Tanks and other vehicles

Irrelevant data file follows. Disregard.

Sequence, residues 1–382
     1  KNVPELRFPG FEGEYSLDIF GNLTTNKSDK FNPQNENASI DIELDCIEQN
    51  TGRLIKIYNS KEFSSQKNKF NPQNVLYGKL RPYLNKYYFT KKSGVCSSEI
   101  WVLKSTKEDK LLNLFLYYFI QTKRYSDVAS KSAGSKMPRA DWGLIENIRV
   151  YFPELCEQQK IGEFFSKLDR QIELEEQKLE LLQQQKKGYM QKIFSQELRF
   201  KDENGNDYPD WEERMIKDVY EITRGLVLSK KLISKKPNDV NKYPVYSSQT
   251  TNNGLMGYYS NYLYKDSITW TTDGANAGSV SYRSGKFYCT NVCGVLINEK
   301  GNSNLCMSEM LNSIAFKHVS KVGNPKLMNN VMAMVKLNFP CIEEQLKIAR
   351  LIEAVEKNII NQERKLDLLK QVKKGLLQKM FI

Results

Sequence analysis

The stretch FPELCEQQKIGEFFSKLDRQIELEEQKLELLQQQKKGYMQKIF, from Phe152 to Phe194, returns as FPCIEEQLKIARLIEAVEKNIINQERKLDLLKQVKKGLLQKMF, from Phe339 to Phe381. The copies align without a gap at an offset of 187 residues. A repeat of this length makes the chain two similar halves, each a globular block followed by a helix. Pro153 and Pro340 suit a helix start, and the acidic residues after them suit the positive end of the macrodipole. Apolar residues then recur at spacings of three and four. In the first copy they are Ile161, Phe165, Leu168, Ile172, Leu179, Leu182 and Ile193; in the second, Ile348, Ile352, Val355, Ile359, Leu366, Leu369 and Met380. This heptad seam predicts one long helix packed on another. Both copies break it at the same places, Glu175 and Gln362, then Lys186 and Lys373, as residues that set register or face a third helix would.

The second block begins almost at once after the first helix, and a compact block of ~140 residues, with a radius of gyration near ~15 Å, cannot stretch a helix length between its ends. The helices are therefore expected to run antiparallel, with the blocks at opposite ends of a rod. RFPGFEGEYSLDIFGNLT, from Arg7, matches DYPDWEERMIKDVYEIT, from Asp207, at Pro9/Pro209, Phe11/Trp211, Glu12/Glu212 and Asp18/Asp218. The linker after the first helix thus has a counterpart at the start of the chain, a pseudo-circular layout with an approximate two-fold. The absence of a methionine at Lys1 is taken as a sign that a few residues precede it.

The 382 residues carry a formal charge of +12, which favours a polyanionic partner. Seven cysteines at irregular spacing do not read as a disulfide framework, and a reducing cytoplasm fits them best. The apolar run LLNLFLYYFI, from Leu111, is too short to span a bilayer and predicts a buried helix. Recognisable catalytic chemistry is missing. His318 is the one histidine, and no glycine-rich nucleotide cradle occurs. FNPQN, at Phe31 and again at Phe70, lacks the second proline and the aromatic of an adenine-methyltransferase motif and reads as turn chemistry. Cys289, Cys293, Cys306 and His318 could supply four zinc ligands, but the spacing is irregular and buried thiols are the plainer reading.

The Medium Tank M4 was used in all theatres of the Second World War. It had a versatile reliable design and was easy to produce, thus huge numbers were made and provided to both Britain and the USSR by the United States under Lend-Lease. Despite official opinions, the Medium Tank M4 was well liked by some Soviet tankers, while others called it the best tank for peacetime service. When Britain received the tank, it was given the designation Sherman, which gave rise to the name Sherman tank and the UK naming its US-built tanks after American Civil War generals. Both the British and the Soviets re-armed their M4s with their own tank guns. The Soviets re-armed a small number with the standard 76 mm F-34 tank gun but so much 75 mm ammunition was supplied by the US that the conversions were not widespread. Unfortunately, the fairly short-barreled 75mm gun most Shermans came equipped with did not offer very good armor penetration even with specialty ammunition, especially against the then-new Panther and Tiger. However, the British 76.2mm (3-inch) Ordnance QF 17-pounder, one of the best anti-tank guns of the period, happened to fit in the Sherman's turret quite well with a new gun mantlet and sight, and this became a very common modification known as the Firefly. The other main modification was that the radio moved to an armoured box welded to the turret bustle, which also contained the much larger counterweight for the new gun. The combination of British and American weaponry proved desirable, although despite the United States building a few 17-pounder Fireflies from new, it never went into mass production and did not see action. The US had its own 76 mm calibre long-barrel gun for the Sherman. While it wasn't as good as the 17-pounder, it still had a much better chance of successfully engaging German heavy tanks especially at close range, offered consistent kill-power against more equally-matched opponents at all ranges, and didn't require major modification to fit like the 17-pounder did. The Firefly thus remained a British variant of the Sherman. The M10 Tank Destroyer was also up-gunned with the 17-pounder, creating the M10C tank destroyer. This was used in accordance with British tactical doctrine for tank destroyers, in that they were considered self-propelled anti-tank guns rather than aggressive 'tank hunters'. Used in this fashion, it proved an effective weapon.